Review: Guys and Dolls
Endlessly energetic, witty and romantic: The perfect musical comedy
1950s New York City was a world of gamblers, gangsters, hotbox girls and missionaries; last night’s performance of Guys and Dolls encapsulated this world completely.
The fast-paced, bustling streets of the Big Apple are the home of small-time gambler Nathan Detroit, played by Tom Baarda, who is desperately seeking $1000 to pay a garage owner (voiced by Tom Nunan) to host the biggest floating crap game in town. In an attempt to secure the funds, he bets Sky Masterson (Satvik Subramaniam), a high-rolling gambler, that he can’t take the “doll” of his choosing to dinner in Havana, Cuba. Nathan chooses Sarah Brown (Louisa Chatterton) a sheltered and straight-laced Evangelist Sergeant of the local mission. Meanwhile, Nathan Detroit is being chased down by ever-present local policeman Lieutenant Brannigan (Tom Nunan) and is at the mercy of his showgirl fiancé Miss Adelaide (Mabel Hoskins) who laments their 14-year engagement — and, correspondingly, her 14 year cold. At the heart of this lively metropolis, and in the cafes of passionate Havana, forms an unlikely romance, all the while a long-standing (or long-suffering) romance gets a new lease of life.
Though light and comic, Guys and Dolls manages to provide the epic and sweeping feeling of a big city love story. This CUADC musical is infinitely exciting, charming and amusing: a must-see for anyone looking to fall in love for the evening.
The musical’s strength is significantly owed to the hugely talented cast. Relatively small in size, the power of the ensemble to fill the auditorium with almost perfectly pitched vocals — while also effecting intensely choreographed routines — was impressive. Especially notable musical performances should be credited to Heather Murray, (Arvide Abernathy) whose performance of ‘More I Cannot Wish You’ epitomised a warm and fuzzy feeling, and Arthur Roadnight’s (Nicely-Nicely Johnson) ‘Sit Down, You’re Rockin’ the Boat’ which was infectiously funny and thoroughly enjoyed by the entire audience.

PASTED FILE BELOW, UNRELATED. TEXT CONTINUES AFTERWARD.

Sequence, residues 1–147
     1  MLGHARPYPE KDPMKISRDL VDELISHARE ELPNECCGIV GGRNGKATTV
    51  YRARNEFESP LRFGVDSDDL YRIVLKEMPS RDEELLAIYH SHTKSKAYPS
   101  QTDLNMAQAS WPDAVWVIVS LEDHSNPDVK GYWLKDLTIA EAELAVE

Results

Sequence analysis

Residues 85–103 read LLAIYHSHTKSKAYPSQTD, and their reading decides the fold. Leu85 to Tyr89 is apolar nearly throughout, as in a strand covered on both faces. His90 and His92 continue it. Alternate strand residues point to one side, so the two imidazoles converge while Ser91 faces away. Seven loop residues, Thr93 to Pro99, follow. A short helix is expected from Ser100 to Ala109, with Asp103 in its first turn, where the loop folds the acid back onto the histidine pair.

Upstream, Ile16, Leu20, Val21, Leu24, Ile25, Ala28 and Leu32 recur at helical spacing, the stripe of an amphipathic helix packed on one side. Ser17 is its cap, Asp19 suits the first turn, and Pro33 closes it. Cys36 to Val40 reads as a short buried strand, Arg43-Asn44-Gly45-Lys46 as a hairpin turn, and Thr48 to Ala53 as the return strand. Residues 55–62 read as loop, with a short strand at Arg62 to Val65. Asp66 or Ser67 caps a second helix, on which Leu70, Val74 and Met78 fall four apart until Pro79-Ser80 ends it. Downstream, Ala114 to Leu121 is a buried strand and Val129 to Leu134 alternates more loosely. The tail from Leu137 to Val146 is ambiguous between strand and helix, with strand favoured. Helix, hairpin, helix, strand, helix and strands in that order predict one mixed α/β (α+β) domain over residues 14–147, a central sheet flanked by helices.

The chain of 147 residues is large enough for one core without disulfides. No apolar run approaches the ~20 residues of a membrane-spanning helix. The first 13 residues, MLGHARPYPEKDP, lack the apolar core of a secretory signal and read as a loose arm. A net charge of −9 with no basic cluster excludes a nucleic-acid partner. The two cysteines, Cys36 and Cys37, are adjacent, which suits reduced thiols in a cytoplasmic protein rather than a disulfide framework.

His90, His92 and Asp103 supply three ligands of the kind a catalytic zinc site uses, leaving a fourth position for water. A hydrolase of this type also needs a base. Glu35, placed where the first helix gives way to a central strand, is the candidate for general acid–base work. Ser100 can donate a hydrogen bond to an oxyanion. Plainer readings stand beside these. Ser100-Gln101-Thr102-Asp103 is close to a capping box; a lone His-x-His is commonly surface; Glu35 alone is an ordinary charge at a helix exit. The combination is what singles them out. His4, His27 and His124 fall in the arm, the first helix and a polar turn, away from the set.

Even more impressive were the dancing skills of the entire ensemble which, despite an odd out-of-sync pirouette (which I’ll put down to it being opening night) was extraordinary. Some particularly special moments include Arthur Roadnight (Nicely-Nicely Johnson) and Justin Wilson’s (Benny Southwest) alluring tap dancing piece and the entire Havana dance sequence which the ensemble executed beautifully. Huge credit is owed to the Musical Director (Alex Patel) and Choreographer (Ella Nevill).
Also notable was the set which, although slightly scrappy in places, transports the audience from chaotic New York City, with the help of many superb Brooklyn accents (in particular Mabel Hoskins (Miss Adelaide)), to a tipsy and romantic Havana nightclub — set alight by, once again, the spectacular dance routines. The set designer, Lydia Roe, succeeded in bringing the animated streets of New York City and Havana, Cuba to the ADC. Further to the set was the lighting: simple yet effective, and even comedic in places. The lighting subtly illustrated the emotive journey undergone by each of our beloved characters, and inevitably the audience, and was an effortlessly professional aspect of the production. Once again, credit is due to the lighting designer, Dylan Phelps.
Overall, Guys and Dolls is a captivating performance, achieved through a harmonious and talented cast and skilled direction (Phoebe Rowell John and Harriet Wilton). I strongly recommend to anyone looking for a cheerful escape from the final drags of week 8.
A sheer pleasure to watch.
Cover image: Lucia Revel-Chion